Back on the Wagon

When I graduated high school, I weighed 150 pounds. It was pretty much all metabolism, as I didn't necessarily eat the healthiest. Portions weren't huge, so maybe that helped.

By the time I graduated college, I weighed 185 pounds. There were many late-night runs to Burger King. There were also many meals obtained from the pasta bar, because 1) it was really freaking good, and 2) the stuff on the line usually looked so unappetizing to the point of making me angry. My tuition was paying for this nasty crap?


After a while in college, I realized how unhealthy my diet had become, so I tried to take steps to rectify it. Walking around campus to classes and other activities was a plus, but I knew that I needed to do more. I tried working in more salads, and I began exercising during my senior year: first semester at the new fitness center twice a week, second semester in my on-campus house with standard push-ups and sit-ups. I still didn't cut out Burger King, and still gravitated toward the pasta bar a lot.
To my shame, I think that part of the problem was that I'd rationalize that, since I'd worked out that day, I could then have fattening food. At best, of course, these things would just cancel each other out.

The summer between college and seminary, I was a camp counselor. The combination of the summer sun and walking all day caused me to lose 10 pounds. By the time I got to Eden, I weighed a nice lean 175.

Then I blew up in seminary. More late night runs (and regular meals!) to fast food...I actually would guess that during my first two years of seminary I probably ate McDonald's 3-5 times a week. Admittedly, some of this was "emotional eating:" it took me a while to adapt to my new digs. This was complemented by a lot of sedentary time reading books and writing papers. I had a couple false-start attempts to establish an exercise routine, but these petered out within a week or two.

Entering my final year of seminary, I weighed almost 210 pounds. I hated how I looked and how I felt. I had another couple false-start exercise attempts my first semester with plenty of fast food.

My final semester, I decided to get serious. I flat out cut myself off from fast food, I cut way back on soda and alcohol, and I went to the gym 3-4 times a week.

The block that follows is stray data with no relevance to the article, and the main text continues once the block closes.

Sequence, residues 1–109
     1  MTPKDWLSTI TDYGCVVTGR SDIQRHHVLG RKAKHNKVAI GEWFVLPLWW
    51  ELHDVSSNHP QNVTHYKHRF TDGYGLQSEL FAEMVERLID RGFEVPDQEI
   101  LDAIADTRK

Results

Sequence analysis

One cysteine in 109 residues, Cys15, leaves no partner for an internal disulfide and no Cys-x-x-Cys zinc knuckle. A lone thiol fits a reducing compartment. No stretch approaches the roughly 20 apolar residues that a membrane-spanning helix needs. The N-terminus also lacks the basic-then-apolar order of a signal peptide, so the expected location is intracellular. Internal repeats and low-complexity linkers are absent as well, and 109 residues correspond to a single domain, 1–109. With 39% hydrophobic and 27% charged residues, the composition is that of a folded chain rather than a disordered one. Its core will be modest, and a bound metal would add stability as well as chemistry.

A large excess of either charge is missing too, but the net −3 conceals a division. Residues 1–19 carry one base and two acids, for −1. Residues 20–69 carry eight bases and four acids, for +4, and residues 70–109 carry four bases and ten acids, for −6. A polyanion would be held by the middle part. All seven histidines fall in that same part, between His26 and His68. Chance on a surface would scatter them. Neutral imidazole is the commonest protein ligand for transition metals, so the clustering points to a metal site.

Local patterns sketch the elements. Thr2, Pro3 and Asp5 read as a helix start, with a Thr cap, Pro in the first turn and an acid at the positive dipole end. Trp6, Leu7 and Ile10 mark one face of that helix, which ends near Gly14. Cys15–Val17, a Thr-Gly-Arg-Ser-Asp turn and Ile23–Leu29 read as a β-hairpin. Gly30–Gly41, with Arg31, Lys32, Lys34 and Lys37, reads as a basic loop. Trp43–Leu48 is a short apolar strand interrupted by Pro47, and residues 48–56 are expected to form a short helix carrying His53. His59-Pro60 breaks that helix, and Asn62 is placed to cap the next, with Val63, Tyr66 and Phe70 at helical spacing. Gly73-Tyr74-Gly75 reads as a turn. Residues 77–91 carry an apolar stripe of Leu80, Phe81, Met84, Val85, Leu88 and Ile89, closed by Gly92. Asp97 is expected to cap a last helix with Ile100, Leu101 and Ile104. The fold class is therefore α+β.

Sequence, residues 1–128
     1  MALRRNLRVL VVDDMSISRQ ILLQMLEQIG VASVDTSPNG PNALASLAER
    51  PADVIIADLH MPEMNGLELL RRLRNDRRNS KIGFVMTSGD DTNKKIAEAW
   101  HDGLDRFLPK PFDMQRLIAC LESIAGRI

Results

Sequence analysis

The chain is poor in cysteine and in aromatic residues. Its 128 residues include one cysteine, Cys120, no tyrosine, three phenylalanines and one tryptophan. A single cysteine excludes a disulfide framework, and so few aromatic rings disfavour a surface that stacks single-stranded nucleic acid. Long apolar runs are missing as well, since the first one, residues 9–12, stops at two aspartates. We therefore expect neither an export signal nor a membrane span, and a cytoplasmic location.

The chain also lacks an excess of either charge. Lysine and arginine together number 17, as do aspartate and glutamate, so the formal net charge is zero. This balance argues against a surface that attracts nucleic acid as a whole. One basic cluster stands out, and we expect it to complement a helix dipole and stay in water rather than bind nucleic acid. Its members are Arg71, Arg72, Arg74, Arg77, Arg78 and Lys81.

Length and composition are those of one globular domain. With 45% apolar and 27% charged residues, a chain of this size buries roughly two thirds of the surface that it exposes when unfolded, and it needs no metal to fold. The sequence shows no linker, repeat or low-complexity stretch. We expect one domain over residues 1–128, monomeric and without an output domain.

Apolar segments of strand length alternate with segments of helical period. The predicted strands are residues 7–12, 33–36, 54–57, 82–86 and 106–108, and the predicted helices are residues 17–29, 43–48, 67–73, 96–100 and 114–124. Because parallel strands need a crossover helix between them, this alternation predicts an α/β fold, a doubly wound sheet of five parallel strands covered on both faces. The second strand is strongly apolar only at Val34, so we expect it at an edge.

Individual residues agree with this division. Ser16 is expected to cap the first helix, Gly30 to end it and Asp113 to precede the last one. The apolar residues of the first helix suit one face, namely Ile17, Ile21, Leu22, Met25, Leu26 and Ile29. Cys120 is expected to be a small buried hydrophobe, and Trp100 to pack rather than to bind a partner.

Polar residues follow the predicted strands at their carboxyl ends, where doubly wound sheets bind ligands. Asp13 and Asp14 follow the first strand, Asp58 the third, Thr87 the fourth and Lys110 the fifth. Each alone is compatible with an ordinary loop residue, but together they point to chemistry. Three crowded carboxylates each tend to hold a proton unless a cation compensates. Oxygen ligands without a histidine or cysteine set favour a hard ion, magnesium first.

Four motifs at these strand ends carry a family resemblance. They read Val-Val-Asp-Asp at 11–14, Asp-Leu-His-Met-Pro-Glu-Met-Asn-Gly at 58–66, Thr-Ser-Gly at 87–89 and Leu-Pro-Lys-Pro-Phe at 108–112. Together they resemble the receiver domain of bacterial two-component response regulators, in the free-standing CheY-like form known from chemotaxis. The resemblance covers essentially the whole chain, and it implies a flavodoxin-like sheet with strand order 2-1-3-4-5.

Guess what started to happen.

I saw myself backing down toward 200, then toward 190. In fact, I decided to make it my goal to weigh 190 by the time I graduated. After a while, it was nothing to spend 30-45 minutes doing cardio. After a month or two, the sight--even the thought--of a McDonald's cheeseburger made me nauseated. I easily met my goal by the time I was handed my diploma. I had lost 20 pounds by not half-assing it any more.

To cut down on the story, I started to stray after a while. A new ministry position and a move upset my routine. I tried taking regular walks around the cemetery and we even bought an elliptical machine, but I couldn't get anything established. Still, it had become apparent that 190 had become my new "plateau weight."

A little over 2 years ago, Coffeewife and I embarked on the South Beach Diet. Between the diet and finally making good use of the elliptical machine, I got myself back down to 175. But through various compromises since then, I gained it all back.

The reason that I'm writing all this out is because in recent months I've started to creep back up toward 200, and just the thought of it makes me angry at myself. So over the past week I've been climbing back on the exercise machine, and have cut out crap food. The best part about it, I think, has been that I feel the same determination that I felt back during that final semester of seminary. I'm taking this in 5-pound increments: first 190, then 185, and if I'm ambitious enough, all the way back down to 175. But I'm not getting ahead of myself.

I suppose that all of this is to tell you two things: 1) it can be done, and 2) I want to do it. It seems to me that this has become all the more important with a new baby around, because dealing with him has involved plenty of sitting around and plenty of quickie, unhealthy meals.

So far I'm back down to 194 from 198 after a week and a half of this renewed ambition. I've already noticed steady improvement in how much I can push myself on the elliptical machine. Eating well has come fairly easily as well: we just don't buy a lot of the crappy stuff.

I hope that I can stick with this. So far, it's working.

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